Trying to find a business model that incorporates the reality of people’s motivations is much more nuanced than a simple “commission based model” can ever achieve. I recently read a blog post about “Intrinsic Rewards and the Path to Happiness” that seemed to address this nuance. The article references Reality is Broken, a book by Jane McGonigal, self-proclaimed gamer for good, that looks at the gaming industry’s advanced use of intrinsic motivators. Intrinsically motivating activities are those in which people will engage for no reward other than the interest and enjoyment that accompanies them. When people are engaged in activities that are intrinsically rewarding, there is alignment, their activities provide reward, which motivates continuation of the activity.
In the article, McGonigal explains how well designed games actually tie into intrinsic reward structures that act as happiness drivers. This “autotelic”, self-rewarding, behavior creates a core motivation engine that external, extrinsic rewards cannot come close to replicating. It is the difference between my daughter keeping one eye on the clock while reading ‘for 20 minutes every day’ because she has to turn in the reading log at the end of the week and wants to do well versus staying up past her bedtime with a flashlight under the covers to read ‘just one more page’ which turns into another page, then a chapter, then an hour of secret reading simply because she loves to read. (And yes, she uses a solar flashlight So what are these intrinsic rewards that McGonigal describes? She names a few:
1. Humans crave satisfying work, every single day.
2. We crave the experience or the hope of being successful.
3. We crave social connection.
4. We crave meaning – the chance to be a part of something larger than ourselves.
I am always amazed by the serendipity of coming across information just as it is needed. And the way relevant truths cut across disciplines. Money is an extrinsic reward. For Solar Sister to be in alignment, we need to tap into women’s intrinsic reward systems.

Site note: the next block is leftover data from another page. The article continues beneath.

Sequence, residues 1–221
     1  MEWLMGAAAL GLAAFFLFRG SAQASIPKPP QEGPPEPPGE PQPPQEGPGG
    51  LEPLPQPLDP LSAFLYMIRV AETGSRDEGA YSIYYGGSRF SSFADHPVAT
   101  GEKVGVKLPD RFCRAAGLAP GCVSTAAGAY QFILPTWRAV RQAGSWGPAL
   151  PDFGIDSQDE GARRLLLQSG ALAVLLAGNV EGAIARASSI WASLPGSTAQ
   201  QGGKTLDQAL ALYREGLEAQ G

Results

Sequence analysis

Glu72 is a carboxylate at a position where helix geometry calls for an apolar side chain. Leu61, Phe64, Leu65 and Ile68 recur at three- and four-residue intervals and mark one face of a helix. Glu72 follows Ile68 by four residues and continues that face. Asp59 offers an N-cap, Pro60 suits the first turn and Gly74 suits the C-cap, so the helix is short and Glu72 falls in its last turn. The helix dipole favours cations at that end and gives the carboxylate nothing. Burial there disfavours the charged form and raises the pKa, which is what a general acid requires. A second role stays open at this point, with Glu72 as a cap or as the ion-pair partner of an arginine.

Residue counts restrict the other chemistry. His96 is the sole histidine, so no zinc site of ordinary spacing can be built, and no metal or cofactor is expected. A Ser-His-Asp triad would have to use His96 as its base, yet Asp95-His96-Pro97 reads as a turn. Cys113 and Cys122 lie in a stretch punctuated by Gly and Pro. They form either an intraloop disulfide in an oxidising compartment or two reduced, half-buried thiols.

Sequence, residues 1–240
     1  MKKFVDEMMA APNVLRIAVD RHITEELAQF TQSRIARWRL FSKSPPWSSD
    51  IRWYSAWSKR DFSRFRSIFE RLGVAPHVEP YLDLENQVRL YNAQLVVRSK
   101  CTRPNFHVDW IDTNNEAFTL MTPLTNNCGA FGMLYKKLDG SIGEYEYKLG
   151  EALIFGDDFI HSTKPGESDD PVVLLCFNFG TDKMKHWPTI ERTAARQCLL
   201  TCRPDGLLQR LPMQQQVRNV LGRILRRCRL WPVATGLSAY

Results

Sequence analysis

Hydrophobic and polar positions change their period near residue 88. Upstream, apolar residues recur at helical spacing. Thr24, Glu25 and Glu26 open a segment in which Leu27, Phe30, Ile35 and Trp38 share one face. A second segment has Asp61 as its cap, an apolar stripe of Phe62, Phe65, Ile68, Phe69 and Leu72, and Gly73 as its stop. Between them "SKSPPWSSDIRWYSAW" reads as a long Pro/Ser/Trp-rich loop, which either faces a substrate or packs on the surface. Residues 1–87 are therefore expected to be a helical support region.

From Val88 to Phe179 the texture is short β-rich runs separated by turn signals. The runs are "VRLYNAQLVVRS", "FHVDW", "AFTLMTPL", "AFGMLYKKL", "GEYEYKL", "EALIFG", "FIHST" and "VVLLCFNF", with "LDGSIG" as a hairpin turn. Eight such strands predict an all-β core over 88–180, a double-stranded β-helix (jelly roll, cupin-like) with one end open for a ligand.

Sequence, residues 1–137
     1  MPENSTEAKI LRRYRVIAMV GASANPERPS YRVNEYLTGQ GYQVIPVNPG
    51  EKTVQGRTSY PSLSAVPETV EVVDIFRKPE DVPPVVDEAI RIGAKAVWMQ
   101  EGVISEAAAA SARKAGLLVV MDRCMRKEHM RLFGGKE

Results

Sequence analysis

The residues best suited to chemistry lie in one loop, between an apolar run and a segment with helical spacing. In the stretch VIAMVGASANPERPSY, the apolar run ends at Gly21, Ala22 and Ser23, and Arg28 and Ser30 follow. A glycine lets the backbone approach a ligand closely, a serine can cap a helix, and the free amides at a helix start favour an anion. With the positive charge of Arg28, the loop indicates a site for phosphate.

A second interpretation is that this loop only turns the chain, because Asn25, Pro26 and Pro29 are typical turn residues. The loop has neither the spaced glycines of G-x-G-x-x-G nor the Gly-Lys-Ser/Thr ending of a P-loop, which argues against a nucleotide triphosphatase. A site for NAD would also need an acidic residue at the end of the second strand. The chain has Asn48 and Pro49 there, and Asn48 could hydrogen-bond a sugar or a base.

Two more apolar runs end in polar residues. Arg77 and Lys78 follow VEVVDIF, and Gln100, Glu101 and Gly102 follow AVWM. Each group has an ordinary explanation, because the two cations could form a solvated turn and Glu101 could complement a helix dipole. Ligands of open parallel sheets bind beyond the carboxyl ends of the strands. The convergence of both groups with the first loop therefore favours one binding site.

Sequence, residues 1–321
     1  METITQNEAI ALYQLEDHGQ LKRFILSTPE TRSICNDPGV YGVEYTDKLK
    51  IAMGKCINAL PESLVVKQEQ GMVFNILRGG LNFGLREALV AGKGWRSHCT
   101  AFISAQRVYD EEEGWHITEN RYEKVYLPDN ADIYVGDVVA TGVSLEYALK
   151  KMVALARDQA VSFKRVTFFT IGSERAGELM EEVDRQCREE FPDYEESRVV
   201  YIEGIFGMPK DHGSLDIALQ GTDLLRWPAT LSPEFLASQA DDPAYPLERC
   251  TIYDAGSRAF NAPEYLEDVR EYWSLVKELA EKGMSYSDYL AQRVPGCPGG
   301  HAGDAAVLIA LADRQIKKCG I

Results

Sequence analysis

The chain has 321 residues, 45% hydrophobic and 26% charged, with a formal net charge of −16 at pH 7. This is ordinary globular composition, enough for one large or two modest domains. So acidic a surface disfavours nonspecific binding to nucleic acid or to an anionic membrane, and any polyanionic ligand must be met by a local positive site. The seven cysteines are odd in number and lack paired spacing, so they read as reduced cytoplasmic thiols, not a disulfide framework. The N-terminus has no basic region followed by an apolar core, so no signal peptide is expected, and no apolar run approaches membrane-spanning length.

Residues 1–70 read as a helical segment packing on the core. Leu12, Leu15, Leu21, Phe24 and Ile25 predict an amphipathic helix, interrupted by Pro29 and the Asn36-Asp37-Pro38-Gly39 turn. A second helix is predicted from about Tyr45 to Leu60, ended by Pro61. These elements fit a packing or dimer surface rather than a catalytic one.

This listing of intrinsic rewards could just as easily be a listing of Solar Sister’s core operating values. Solar Sister provides economic empowerment. But it’s not just about the money. The real value of being a Solar Sister, the rewards that motivate the women intrinsically are these: Solar Sister provides satisfying work, every day. Solar Sister provides the experience or hope of being successful. Solar Sister provides social connection. Solar Sister provides women the chance to be part of something larger than themselves.
As women become Solar Sister entrepreneurs it is this intrinsic motivation that makes them such effective entrepreneurs. We see them become evangelists for clean energy technology that goes beyond just ‘making the sale’. It is amazing to witness the energy they bring to their work and I have often wondered where this extra enthusiasm comes from. They become part of something larger than themselves by providing access to technology that improves the lives of their families and their communities. The alignment of the intrinsic rewards, the extrinsic rewards, and the organization’s goals means that success is an internally generated and inevitable outcome.
In the immortal words of the crossover R&B/disco philosophers McFadden & Whitehead, “There ain’t no stoppin’ us now….we’re in the groove.“